Baltimore’s Big Shark, The USS Torsk

I saw in the Baltimore Sun a couple of days ago that the two historic ships that reside in Baltimore’s Inner Harbor, The USS Constellation and the USS Torsk were both headed to dry dock for repairs and maintenance.  I love both of these wonderful boats and what they mean for our civic pride and tourist dollar coffers.  The Constellation is far better known than the Torsk.  It is in a significantly more advantageous line of sight and it is impossible to watch any Baltimore sporting event that is being broadcast nationally without a couple of shots of the Constellation being beamed to that national audience.

I have visited the Constellation but I am indeed fonder of the USS Torsk .  I have also visited the Torsk, but when I did so, I was 7 or 8 years old and I was with my Grandfather, Jim Carberry.  Our visit to the Torsk occurred before the building of Harbor Place, a time when the Inner Harbor was anything but a tourist attraction.  I believe that John Water’s once referred to the Inner Harbor area as the best place to get stabbed by a lesbian in a biker bar.  Even though the Torsk and the Constellation were there before the re-branding of Baltimore, they definitely were important pieces in allowing Baltimore’s Downtown to be developed into the showplace that it is today.

Of all the photos of the Torsk available  on line, this one just looks like it was taken in 1973 or thereabouts.

One false move and it's chomp, chomp, chomp!

Dig those teeth!  It is impossible for any little boy to not lose his mind when he sees this huge shark thing.  It was amazing to board it and crawl around inside and I swear, even when I was little I thought it was hard to maneuver in.  When you entered rooms on the sub, you had to pass through an elliptical portal, lifting your leg while ducking your head.  Cramped quarters, Indeed!  Dig this old school photo of one the roomier rooms on board.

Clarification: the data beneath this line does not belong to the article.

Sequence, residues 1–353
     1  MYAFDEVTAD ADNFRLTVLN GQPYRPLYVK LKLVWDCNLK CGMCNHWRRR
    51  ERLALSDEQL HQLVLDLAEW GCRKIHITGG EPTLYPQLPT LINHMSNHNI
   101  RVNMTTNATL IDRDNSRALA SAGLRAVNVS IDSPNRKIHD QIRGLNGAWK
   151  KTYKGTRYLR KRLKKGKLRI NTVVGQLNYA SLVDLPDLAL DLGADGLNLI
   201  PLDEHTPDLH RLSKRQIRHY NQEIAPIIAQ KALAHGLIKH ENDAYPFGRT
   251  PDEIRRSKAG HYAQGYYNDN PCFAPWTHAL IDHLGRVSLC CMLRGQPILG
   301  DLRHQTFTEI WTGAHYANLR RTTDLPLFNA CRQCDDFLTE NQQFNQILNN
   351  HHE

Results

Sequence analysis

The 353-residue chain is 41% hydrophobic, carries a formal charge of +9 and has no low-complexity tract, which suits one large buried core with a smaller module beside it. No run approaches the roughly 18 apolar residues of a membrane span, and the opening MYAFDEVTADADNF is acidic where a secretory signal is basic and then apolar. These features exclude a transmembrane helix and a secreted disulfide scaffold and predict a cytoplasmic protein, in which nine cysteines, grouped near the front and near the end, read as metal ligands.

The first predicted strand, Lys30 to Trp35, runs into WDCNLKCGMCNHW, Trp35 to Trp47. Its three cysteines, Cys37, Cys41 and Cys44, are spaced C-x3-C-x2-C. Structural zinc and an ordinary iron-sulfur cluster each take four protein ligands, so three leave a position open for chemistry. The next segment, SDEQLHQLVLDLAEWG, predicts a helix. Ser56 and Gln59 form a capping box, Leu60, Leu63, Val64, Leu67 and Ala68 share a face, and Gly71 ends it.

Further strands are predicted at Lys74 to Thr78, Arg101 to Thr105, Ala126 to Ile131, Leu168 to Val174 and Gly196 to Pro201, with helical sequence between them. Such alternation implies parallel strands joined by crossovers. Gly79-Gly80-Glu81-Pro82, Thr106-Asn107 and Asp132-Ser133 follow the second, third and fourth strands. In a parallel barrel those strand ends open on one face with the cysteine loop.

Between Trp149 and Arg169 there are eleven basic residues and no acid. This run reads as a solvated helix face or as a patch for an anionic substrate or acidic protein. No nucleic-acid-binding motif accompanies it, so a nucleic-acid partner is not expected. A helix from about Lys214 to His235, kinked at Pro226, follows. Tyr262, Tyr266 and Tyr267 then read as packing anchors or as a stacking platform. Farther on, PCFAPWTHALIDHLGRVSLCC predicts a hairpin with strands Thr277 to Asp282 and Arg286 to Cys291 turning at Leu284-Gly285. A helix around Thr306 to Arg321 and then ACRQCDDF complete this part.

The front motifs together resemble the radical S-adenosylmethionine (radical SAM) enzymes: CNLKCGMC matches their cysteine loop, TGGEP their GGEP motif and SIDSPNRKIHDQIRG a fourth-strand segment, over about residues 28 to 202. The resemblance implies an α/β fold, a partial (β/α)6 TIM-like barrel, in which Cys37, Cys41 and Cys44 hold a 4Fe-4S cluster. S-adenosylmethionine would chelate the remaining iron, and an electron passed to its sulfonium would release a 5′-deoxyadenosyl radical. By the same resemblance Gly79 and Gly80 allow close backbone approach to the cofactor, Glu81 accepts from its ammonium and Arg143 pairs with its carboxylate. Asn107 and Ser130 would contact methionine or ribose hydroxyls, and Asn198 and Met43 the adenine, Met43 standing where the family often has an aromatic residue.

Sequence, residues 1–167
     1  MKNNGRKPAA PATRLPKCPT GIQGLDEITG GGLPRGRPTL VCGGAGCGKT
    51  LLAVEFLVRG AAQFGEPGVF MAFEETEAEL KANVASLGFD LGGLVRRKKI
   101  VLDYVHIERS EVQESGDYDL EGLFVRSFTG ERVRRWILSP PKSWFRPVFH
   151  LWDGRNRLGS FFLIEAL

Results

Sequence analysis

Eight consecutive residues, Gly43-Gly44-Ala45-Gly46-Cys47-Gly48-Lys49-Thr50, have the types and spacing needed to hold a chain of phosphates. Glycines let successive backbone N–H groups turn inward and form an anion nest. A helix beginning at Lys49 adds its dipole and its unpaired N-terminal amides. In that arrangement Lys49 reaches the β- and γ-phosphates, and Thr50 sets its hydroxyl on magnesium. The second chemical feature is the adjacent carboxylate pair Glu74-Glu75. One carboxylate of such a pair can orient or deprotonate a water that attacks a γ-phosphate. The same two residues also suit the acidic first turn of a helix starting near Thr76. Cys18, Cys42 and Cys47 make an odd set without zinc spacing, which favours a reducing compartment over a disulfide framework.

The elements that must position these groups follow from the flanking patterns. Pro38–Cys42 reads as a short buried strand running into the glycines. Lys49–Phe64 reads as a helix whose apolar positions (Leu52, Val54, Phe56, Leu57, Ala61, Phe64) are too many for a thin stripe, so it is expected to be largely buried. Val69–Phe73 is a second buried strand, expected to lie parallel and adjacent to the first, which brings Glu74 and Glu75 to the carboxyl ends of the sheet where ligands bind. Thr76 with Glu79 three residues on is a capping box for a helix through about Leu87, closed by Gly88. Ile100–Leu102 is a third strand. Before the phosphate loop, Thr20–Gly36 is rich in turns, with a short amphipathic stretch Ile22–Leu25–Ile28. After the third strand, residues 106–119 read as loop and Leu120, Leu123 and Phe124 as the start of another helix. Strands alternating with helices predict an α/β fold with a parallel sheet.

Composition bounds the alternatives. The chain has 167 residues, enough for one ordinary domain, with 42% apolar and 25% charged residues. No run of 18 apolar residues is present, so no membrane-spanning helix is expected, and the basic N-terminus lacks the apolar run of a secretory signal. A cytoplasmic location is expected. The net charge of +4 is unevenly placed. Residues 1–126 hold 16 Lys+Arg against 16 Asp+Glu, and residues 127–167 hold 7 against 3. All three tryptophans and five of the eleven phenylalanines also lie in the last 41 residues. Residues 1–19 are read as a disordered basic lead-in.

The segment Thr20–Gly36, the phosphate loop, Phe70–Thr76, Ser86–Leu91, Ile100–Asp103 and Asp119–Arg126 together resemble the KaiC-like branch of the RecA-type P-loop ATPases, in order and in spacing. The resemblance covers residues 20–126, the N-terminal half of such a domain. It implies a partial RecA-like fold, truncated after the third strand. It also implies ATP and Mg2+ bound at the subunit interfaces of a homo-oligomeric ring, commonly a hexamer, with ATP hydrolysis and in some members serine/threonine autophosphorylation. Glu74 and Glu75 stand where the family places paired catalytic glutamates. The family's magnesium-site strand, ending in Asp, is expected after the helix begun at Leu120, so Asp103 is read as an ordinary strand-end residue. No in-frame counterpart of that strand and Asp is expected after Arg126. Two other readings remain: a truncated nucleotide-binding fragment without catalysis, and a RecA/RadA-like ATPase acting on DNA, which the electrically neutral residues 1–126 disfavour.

Um...sylvia, may I reccommend, Beano.

I must admit that what makes me most nostalgic for this wonderful seafaring war machine relic is that it is the only thing that I can remember doing with my Grandfather.  He died in 1977 and I have many sweet memories of him but I cannot recall going out and doing things with him.  I have this memory and the memory of us visiting, what in his words was, “The oldest bar in Baltimore”.  It kills me that I can’t remember what that bar was or even what neighborhood it was in.  I will say this, it was indeed, decrepit.  I recall that it was dank, dark and dusty in the middle of the day.  It was replete with a severely tarnished brass rail and spittoon and the table that I had to sit at while Pop bellied up to the bar was literally falling apart.  The man was not pulling my leg, this was an OLD bar.

As I write this,  it dawns on me that these two memories probably occurred on the same day.  I don’t mind.  I’m lucky to have these memories at all. And we are lucky to have the Torsk and when it comes out of dry dock I’m gonna visit it again and marvel at it anew.

Gotta shine her up for Scotty!

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About scottcarberry

I'm one nifty dude who is fascinated by his hometown; Baltimore, MD. It is persistently beautiful and ugly and I wish to live nowhere else ever again.
This entry was posted in baltimore, baltimore history, baltimore tourism, Carberry, film locations, history, John Waters, life, maryland history, md, museums, photography, statues and monuments, submarines, tourism, Uncategorized, US Navy and tagged , , , , , , , , , , , , , , , , , , , , , , , , , . Bookmark the permalink.

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